News that Nourishes Fall 2021 Edition

We published our fall 2021 newsletter! Check it out by clicking here!

The Live Work Well Research Centre is excited to share the projects our team have been working on, news, upcoming events and more with you through our newsletters.

We publish and distribute our newsletter four times each year, with collaboration and input from diverse families, organizations, and communities. 

My Summer 2021 Co-op Experience at the Live Work Well Research Centre

When applying for co-op positions during the Winter 2021 semester, I remember being excited about the possibility of getting a research assistant position because I had never done that kind of work before. I had always wondered what exactly a research position as an undergraduate student entailed, particularly because I am still exploring what interests me career-wise. As such, I was thrilled when I received an offer from the LWW Research Centre.

The Importance of Youth Engagement: A Reflection on International Youth Day

“Young people are on the frontlines of the struggle to build a better future for all. The COVID-19 pandemic has highlighted the dire need for the kind of transformational change they seek – and young people must be full partners in that effort.” UN Secretary-General António Guterres

News that Nourishes Summer 2021 Edition

We published our summer 2021 newsletter! Check it out by clicking here!

The Live Work Well Research Centre is excited to share the projects our team have been working on, news, upcoming events and more with you through our newsletters.

Insight Into Growing up Alongside a Sibling With a Disability 

The relationship shared between siblings is experienced by many. However, when one of those siblings has a developmental disability, it becomes something unique entirely. My older brother, Kyle, the oldest of four siblings, has a rare genetic syndrome known as Nicolaides Baraitser Syndrome (NCBRS).

Land Acknowledgements Part Two: Can We Celebrate Canada Day Respectfully?

On June 21st Canada celebrates National Indigenous Peoples Day as a way to honour the heritage, customs and contributions of Indigenous people’s native to these lands. However, fast forward 10 days and you will find a day dedicated to commemorating Canadian confederation and patriotism. Canada Day (July 1st) is a statutory holiday that is rooted in and often ignores the colonialization of the very peoples and cultures that were celebrated only 10 days prior.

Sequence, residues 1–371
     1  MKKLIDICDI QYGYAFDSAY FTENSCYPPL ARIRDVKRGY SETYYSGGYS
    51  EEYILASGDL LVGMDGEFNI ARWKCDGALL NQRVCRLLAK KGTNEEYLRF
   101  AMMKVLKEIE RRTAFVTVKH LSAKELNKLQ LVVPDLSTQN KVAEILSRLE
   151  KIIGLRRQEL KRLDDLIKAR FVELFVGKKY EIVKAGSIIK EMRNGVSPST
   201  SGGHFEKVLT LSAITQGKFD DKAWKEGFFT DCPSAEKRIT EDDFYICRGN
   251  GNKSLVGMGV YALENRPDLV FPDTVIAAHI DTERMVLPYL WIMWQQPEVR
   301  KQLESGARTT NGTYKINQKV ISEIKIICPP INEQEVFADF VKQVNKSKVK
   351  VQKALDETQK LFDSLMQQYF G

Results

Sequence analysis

Land Acknowledgements Part One: Your Responsibility to Treaty

Since the Truth and Reconciliation Commission released their Final Report in 2015, institutions such as the University of Guelph have started to incorporate land acknowledgements into their practices, such as at the beginning of meetings or presentations. Individuals might include an acknowledgment in their email signature or at the beginning of a class they are teaching. Acknowledging the traditional territory we are on is important and can be a good step in learning about the history of the region. However, land acknowledgements run the risk of being insincere if no action is taken or if people aren’t speaking from an informed place, especially if they don’t acknowledge or do anything about their ongoing contributions towards land theft and erasure.

UN Side-Event June 17th: Nothing Without Us: Disability Inclusion and the Pandemic Recovery

Nothing Without Us!

Thursday, June 17th, 2021  to 

The disability community in Canada and internationally has continually called upon all levels of government to include persons with disabilities in its management of the current pandemic and recovery efforts. This side event would focus on how countries can take an overarching “Nothing without us” approach to the pandemic recovery and ensure full social and economic inclusion of persons with disabilities.

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